I was thinking of your child (and me) when I made this game

How many kids would love to have a dog of their very own? Yet, the world is full of reasons they can’t have one. Another family member is allergic. The landlord won’t allow it. The family moves too often. No one would be home to care for it.

“Our family already has a dog. A dog just for you? Don’t be stupid!”

It was another night working in a hotel room on the Spirit Lake Dakota Nation. All my friends were busy with their own families. It was too cold to go outside (which for me means anything below freezing).Â Â Since I was in the mode of feeling sorry for myself, I was thinking about how I always wanted my own dog when I was a kid and was told that was a stupid idea and I couldn’t have one. Because I can never feel sorry for myself for more than 15 minutes or so without doing something about it, I started thinking about how I could give a dog to kids who play our games.

And so, the multiplication dog was born!

I coded the draft that evening and showed it to kids at a school demo the next day and their reaction caught me off guard. Even though it was just a rough sketch with a few activities, pulled together with art I had on my laptop, it was one of the kids’ favorite activities.

With real artwork (thanks, Tati the Art Gal) and some sound effects from Jonah the Sound Guy, it is the most popular activity in Making Camp. Â I find it funny how long kids pause and think about what they are going to name their dog, even asking their friends and teacher/ parent for advice.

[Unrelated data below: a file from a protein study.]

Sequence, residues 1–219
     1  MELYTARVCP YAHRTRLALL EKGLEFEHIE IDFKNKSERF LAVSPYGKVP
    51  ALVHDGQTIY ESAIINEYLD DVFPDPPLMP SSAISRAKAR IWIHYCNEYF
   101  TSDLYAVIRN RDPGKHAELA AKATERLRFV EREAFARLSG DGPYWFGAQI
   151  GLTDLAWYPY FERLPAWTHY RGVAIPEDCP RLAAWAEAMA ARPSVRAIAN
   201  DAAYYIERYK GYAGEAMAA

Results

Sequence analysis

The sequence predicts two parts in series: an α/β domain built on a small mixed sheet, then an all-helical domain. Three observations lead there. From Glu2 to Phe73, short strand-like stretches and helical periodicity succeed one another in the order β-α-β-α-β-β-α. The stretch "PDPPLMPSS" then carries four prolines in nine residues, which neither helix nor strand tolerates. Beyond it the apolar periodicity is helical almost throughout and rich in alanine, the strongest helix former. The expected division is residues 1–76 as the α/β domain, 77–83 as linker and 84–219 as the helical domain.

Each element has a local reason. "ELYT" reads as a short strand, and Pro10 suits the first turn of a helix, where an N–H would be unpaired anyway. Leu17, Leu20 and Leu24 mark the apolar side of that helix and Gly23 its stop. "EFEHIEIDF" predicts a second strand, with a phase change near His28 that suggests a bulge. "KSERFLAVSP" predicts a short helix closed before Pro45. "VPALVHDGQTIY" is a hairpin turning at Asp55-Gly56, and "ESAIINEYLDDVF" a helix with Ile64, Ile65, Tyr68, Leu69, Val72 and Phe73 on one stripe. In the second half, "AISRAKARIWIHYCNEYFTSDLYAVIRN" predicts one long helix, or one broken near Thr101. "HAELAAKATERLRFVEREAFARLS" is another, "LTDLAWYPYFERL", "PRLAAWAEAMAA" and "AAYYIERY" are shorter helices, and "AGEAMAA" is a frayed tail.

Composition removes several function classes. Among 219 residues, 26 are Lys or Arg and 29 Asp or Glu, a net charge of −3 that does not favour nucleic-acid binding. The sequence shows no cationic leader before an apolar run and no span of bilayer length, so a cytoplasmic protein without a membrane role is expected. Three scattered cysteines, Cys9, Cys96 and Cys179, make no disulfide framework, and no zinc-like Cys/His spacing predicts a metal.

As with everything else in Making Camp, the currency is math problems. Also, as Irma the Intern pointed out, players learn responsibility.

Solve math problems and earn a dog! All you need to do is name your dog and you’re off to happy days and no responsibilities, right?

– Yeah right.

IfÂ you want to feed your dog, you have to solve more problems.

Need a water dish? Then, solve more math problems.

Give your dog a treat?Â Solve a math problem to get a bone.

I’d like to claim that I knew that night that this would be our most popular activity, that one of the most common requests we would get from kids would be more chances to play with their dog, suggestions to be able to buy it a collar, build a dog house.

The truth is, I was just thinking about myself as a kid, which led me to think about what your kidsÂ would want and how I could make it happen for them and teach math and history at the same time.

Speaking of history, you’d also learn from Making CampÂ that, before the Europeans brought horses,Â Native Americans used dogs for transportation. They would use dogs Â to haul heavy loads on a sled called a travois.